You’ve produced a blogged book manuscript. Now what? You can choose two ways to publish your book: with a traditional publisher or independently as a self-publisher. Why might you opt for traditional publishing? Here are four good reasons to traditionally publish your book.
1. You don’t want to be a “project manager.”
If you don’t like handling details or managing people, traditional publishing might be the right publishing route for you. Self-publishing a book, allows you to control your book project from start to finish, but this means hiring a variety of subcontractors, such as editors, proofreaders, indexers, designers, printers, and distributors. If you are willing to give up control of things like cover design and book title to also give up control of your project, you will enjoy traditional publishing. Your editor at the publishing house becomes the project manager. He or she will contact you with the details you need to handle, and the major decisions will be made by the editorial, marketing and design teams. You might be asked your opinion, but they have the last say. They will make sure deadlines get met. You just do your part—write your book on deadline.
2. You don’t want to invest you own money in your project.
If finances hold you back from publishing your book, traditional publishing can provide a good option. Traditional publishers serve as venture capital partners for aspiring authors. Basically, you approach them with a business proposition—a product you want to launch into the market (your book)—and they determine if it is viable and want to invest in it and in you. If they feel the book is marketable and that you make a good business partner, they decide to back your project. That means you receive a contract for the purchase of your manuscript and an advance on sales of the book. The latter is an estimate of the amount of money the publisher thinks the book might earn on copies sold. When the book earns back that amount of money after release, you begin earning royalties, which are based on a percentage of ongoing book sales. You may be asked to pay for indexing, but this can be negotiated. Sometimes there are permissions or other expenses that need to be negotiated as well. These days there are forms of hybrid publishing that involve the author and publisher sharing costs, but research these companies carefully to be sure they aren’t thinly-disguised vanity publishing deals.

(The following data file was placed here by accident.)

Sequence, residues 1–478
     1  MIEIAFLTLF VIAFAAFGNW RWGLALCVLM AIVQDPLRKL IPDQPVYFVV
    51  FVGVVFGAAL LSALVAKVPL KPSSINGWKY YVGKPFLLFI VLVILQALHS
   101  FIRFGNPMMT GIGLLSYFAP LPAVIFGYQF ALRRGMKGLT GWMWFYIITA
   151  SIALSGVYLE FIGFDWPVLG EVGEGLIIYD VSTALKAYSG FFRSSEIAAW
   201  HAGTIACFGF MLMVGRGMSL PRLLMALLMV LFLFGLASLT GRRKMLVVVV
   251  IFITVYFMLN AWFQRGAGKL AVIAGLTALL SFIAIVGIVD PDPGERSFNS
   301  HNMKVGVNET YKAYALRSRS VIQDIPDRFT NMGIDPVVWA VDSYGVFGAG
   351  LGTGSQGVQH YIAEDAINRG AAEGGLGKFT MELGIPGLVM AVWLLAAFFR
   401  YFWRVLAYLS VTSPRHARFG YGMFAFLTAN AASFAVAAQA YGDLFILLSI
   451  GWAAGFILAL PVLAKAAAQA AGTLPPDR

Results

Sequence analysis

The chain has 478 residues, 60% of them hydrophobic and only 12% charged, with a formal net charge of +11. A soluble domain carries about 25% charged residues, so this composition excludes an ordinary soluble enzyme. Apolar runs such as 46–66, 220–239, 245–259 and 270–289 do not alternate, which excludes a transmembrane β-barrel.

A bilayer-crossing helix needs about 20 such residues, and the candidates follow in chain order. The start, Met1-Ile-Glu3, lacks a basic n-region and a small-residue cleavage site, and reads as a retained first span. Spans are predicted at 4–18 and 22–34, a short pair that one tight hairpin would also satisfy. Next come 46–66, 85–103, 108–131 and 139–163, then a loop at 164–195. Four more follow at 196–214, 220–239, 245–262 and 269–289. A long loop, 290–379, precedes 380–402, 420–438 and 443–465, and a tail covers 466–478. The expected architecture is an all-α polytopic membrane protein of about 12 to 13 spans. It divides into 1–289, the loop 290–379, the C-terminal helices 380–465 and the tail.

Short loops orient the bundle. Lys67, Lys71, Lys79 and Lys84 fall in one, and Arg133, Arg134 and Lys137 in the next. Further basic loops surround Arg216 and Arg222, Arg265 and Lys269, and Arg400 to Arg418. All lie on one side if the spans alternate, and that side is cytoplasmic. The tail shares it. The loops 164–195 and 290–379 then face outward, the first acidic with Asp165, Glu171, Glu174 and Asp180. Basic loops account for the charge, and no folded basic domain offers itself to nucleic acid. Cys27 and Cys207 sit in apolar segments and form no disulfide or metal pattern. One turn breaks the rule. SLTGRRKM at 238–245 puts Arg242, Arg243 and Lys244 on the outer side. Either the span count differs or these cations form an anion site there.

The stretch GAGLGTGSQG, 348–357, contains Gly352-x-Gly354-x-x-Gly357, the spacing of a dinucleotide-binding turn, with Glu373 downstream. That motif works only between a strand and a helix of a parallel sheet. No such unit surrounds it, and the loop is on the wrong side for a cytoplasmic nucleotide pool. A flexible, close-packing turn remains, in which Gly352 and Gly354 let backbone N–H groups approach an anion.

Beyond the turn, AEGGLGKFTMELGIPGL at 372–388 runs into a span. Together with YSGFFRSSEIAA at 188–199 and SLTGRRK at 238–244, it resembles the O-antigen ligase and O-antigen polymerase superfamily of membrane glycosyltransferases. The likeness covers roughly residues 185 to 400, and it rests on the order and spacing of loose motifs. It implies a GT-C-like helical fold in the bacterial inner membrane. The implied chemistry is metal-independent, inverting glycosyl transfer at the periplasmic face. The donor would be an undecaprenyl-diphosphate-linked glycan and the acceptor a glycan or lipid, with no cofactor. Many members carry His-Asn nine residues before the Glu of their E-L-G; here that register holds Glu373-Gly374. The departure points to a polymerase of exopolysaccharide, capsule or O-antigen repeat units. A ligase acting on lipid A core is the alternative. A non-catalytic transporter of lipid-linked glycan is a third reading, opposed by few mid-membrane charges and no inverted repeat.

3. You want broader distribution for your book.
Traditional publishing is more likely to get your book into a brick-and-mortar bookstore, although not all traditionally published books end up on bookstore shelves. Self-published books rarely get into anything other than online bookstores unless you get to know your local bookshop owner. If you go the indie route you can work with a distributor, but it tends to end up costing more than it is worth. So, if you want broader distribution for your book, traditional publishing is your best option.
4. You want credibility or authority in your field.
Although self-published authors have gained more credibility, traditional published authors still receive more clout. Thus, if you want authority in your field—especially as a nonfiction author, having a traditional publisher’s name on your book helps. When people realize a publisher has put money behind your book, they believe that means you’ve been vetted out. If credibility and authority are important to you, seek a traditional publisher.
As you can see, choosing a traditional publisher has a lot to do with your personality, your situation and the type of book you want to publish. Take all these things into consideration as you determine how to publish your book.